The Labour party broke equalities law including harassment and discrimination over antisemitism in the party, an investigation by the Equality and Human Rights Commission (EHRC) has found.
In a long-awaited report, the EHRC said there were “serious failings in the Labour party leadership in addressing antisemitism and an inadequate process for handling antisemitism complaints”.
It said Labour under the leadership of Jeremy Corbyn was responsible for three breaches of the Equality Act, connected to harassment, political interference in antisemitism complaints and inadequate training for those handling the complaints.
The EHRC’s lead investigator, Alasdair Henderson, said the failure of leadership must ultimately stop with Corbyn. “As the leader of the party at the time, and given the extent of the failings we found in the political interference within the leader of the opposition’s office, Jeremy Corbyn is ultimately accountable and responsible for what happened at that time,” Henderson said.
The inquiry found that antisemitic comments by Ken Livingstone, the former London mayor, and Pam Bromley, a councillor in Rossendale, Lancashire, amounted to harassment of Jewish members under law, and this was “only the tip of the iceberg” of such behaviour.
The EHRC uncovered what it said was inappropriate interference in the complaints process over antisemitism by staff from Corbyn’s office, with 23 instances found, including staff exerting influence on decisions on areas such as member suspensions or whether to investigate claims. Some of these decisions were made “because of likely press interest rather than any formal criteria”, it said.
While there was a wider culture of political interference in certain complaints, the report said this occurred more often in antisemitism cases, and was thus found to be discriminatory and unlawful.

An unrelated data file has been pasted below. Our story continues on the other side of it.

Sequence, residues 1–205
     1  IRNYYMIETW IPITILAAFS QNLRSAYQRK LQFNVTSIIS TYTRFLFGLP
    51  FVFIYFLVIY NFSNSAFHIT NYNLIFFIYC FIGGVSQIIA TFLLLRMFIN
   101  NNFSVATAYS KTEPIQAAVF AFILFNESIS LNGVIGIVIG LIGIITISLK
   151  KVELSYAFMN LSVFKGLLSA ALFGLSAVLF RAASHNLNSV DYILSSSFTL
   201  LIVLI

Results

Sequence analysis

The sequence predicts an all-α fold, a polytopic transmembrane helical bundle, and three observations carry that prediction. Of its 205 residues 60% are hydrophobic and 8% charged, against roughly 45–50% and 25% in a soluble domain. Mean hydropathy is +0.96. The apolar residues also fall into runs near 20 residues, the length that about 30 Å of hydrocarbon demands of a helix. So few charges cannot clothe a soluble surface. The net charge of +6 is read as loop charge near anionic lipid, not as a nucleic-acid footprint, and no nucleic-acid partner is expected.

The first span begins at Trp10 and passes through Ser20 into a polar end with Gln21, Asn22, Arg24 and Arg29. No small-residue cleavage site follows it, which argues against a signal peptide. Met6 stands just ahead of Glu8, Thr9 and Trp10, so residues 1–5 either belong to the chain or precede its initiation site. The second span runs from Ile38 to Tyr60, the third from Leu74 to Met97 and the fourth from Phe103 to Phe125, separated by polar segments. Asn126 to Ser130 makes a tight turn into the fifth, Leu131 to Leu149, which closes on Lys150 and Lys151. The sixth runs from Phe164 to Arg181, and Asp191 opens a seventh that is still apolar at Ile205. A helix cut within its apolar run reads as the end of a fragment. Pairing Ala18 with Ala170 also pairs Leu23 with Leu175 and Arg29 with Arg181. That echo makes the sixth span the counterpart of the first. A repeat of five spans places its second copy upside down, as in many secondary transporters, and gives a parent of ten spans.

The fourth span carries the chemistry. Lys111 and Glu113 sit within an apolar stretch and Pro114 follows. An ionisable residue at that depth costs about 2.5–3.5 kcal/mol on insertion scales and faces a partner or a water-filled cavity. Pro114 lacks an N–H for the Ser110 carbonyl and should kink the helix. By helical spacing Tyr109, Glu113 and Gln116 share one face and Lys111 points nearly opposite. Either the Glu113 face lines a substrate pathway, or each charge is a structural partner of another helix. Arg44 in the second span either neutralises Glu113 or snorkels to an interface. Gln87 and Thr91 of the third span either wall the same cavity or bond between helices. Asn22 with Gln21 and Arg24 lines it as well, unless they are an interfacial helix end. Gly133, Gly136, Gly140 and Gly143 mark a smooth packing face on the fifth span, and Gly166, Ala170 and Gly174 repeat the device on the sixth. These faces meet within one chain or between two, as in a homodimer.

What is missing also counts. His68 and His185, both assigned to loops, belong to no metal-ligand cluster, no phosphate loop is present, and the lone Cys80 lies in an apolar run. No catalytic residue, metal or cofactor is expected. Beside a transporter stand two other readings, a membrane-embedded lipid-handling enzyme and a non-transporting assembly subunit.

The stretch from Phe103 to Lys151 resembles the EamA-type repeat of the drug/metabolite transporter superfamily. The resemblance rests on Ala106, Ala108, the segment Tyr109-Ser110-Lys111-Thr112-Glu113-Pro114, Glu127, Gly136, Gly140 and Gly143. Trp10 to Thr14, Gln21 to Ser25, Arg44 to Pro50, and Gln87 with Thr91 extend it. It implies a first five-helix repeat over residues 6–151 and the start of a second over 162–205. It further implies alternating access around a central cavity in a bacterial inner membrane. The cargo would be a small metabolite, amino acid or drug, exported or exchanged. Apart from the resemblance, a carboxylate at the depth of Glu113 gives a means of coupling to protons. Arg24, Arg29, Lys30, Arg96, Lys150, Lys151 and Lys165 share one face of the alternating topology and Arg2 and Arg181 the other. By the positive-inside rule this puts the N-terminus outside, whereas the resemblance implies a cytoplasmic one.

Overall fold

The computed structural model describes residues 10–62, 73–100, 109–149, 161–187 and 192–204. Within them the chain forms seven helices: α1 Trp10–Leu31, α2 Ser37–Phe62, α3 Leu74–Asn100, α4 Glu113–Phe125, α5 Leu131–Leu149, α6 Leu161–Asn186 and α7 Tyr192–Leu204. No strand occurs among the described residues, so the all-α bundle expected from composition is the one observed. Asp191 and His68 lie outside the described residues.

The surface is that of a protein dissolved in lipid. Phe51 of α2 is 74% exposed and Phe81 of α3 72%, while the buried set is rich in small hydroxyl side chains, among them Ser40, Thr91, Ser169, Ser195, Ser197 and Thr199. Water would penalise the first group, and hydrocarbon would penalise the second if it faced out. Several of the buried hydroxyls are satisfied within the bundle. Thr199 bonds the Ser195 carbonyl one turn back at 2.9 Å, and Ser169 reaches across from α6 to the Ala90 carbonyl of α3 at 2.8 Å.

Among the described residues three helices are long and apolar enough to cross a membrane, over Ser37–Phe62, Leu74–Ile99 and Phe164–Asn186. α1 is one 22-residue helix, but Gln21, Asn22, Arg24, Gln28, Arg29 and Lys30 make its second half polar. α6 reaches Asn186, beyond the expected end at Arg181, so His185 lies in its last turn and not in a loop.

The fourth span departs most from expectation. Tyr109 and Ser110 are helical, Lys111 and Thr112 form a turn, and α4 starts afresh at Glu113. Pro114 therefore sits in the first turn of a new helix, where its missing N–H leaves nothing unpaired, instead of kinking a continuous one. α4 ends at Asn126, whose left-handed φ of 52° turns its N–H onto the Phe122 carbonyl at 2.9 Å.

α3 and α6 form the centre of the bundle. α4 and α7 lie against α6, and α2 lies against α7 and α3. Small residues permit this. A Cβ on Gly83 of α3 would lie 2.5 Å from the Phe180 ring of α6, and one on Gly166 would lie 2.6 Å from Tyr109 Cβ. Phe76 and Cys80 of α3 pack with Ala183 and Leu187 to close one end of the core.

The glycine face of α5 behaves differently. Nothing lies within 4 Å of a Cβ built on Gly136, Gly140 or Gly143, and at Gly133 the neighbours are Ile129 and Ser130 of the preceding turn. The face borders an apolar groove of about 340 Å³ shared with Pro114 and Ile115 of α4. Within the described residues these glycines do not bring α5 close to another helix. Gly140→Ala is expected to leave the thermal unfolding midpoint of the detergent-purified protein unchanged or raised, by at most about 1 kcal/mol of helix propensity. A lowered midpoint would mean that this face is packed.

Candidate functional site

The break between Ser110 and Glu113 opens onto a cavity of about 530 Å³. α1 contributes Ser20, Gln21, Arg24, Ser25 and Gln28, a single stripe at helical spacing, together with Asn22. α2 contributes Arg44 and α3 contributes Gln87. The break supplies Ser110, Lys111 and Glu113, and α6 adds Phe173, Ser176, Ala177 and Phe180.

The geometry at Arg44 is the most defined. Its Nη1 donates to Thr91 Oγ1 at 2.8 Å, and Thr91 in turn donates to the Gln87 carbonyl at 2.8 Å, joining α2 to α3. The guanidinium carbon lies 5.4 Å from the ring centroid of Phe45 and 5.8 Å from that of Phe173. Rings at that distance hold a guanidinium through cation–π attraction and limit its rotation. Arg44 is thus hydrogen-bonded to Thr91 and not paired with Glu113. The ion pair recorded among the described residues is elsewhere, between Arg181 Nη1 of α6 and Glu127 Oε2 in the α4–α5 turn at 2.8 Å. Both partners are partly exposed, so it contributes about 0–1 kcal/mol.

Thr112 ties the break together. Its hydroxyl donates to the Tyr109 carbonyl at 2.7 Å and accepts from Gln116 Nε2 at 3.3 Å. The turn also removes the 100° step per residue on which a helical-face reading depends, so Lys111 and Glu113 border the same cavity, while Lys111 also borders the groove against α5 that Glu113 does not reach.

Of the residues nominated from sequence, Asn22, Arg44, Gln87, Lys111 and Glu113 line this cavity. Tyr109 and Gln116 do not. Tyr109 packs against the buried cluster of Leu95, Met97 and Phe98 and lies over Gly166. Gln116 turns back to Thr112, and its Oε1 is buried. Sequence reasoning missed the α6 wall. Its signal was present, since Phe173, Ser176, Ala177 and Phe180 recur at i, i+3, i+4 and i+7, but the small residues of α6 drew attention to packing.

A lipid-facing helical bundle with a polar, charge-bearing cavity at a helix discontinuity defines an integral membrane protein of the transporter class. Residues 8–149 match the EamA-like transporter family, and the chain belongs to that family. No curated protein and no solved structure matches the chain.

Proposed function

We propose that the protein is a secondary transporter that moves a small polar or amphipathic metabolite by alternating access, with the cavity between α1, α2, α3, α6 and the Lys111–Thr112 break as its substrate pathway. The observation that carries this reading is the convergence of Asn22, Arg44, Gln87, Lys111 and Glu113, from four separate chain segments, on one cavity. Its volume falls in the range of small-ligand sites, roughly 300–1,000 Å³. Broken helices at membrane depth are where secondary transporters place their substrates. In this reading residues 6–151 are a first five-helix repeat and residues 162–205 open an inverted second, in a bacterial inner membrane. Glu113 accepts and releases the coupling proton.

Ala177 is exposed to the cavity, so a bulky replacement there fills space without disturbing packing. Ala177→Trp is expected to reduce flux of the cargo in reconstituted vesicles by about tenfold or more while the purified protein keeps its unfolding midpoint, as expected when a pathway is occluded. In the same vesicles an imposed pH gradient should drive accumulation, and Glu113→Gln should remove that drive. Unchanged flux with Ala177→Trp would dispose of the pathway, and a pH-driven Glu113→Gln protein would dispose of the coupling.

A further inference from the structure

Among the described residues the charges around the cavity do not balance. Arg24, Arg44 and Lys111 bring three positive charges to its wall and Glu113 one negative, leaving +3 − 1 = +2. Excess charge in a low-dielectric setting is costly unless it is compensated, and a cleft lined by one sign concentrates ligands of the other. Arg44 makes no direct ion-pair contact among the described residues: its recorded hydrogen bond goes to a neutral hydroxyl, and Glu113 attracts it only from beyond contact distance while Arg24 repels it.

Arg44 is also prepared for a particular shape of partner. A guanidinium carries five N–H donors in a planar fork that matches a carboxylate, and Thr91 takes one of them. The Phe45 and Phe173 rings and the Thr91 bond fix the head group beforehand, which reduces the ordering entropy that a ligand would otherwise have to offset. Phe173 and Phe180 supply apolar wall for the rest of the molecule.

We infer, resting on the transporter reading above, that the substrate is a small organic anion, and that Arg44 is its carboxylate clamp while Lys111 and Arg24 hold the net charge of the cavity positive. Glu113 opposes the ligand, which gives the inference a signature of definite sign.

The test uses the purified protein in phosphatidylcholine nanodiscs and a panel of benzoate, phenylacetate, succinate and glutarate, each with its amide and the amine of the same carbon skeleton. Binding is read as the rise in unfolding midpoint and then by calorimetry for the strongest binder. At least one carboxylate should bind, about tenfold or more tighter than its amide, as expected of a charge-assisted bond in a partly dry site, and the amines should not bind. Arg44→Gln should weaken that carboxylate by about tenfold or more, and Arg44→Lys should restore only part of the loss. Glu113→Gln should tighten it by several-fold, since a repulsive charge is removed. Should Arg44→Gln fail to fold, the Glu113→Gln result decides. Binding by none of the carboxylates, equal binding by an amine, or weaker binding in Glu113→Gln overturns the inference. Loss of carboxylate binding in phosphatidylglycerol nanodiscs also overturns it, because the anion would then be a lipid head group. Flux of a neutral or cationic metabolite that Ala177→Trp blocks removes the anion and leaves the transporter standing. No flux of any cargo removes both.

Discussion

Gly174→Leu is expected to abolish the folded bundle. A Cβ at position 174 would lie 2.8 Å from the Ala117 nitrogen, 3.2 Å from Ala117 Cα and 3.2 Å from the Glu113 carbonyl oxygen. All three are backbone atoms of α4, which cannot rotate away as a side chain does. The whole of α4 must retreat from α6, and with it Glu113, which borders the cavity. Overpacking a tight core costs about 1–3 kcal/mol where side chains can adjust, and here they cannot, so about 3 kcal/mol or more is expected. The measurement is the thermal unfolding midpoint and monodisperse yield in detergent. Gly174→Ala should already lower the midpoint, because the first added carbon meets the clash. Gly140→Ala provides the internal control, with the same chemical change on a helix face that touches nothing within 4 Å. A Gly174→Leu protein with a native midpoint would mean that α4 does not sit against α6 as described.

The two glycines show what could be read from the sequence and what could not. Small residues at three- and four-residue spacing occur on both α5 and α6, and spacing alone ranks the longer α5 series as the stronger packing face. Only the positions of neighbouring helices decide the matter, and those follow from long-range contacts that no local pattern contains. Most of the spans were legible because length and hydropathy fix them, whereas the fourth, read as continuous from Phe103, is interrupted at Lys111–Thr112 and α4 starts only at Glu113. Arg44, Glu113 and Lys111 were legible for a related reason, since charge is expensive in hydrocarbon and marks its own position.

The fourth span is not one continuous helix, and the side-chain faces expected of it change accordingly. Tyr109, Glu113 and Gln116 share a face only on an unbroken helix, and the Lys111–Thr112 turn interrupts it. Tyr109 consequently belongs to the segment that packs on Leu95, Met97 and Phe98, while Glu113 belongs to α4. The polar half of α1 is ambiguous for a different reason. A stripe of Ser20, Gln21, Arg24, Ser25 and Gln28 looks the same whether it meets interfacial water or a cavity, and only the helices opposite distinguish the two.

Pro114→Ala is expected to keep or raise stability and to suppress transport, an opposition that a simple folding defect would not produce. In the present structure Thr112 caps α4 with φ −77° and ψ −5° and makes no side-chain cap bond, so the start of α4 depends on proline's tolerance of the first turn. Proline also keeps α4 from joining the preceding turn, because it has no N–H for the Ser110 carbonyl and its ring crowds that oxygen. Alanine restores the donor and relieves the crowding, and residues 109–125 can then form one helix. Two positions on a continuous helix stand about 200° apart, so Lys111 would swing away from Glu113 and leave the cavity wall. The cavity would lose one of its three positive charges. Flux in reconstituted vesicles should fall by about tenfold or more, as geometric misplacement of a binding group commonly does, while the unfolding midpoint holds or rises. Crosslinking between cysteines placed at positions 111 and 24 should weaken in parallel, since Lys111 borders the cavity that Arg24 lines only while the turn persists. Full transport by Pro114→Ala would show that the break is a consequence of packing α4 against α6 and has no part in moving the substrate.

Henderson said the EHRC had faced significant obstruction under the previous leadership. “There were times in late summer, early autumn last year where we were seriously concerned about their commitments to work with us and had to push quite hard on them,” he told a briefing.
He said the situation improved after a meeting with the then general secretary, Jennie Formby, but placed the blame for the report’s delay at Labour’s door. He said the obstruction was “very disappointing given the party’s stated zero tolerance of antisemitism and the initial commitment to working with us”.
In response to the report, three of the UK’s main Jewish organisations – the Board of Deputies of British Jews, the Jewish Leadership Council and the Community Security Trust – said in a joint statement the EHRC’s findings were “a damning verdict on what Labour did to Jews under Jeremy Corbyn and his allies”.
Citing examples of poor practice in dealing with complaints about antisemitism, the EHRC said an email inbox for these “was largely left unmonitored for a number of years and no action taken on the majority of complaints forwarded to it”. Of 70 files reviewed for the inquiry, 62 had records missing.
The inquiry found that this element of indirect discrimination against Jewish members – the lack of a proper complaints and disciplinary procedure – lasted until August 2020, four months into Keir Starmer’s tenure, but was now being addressed.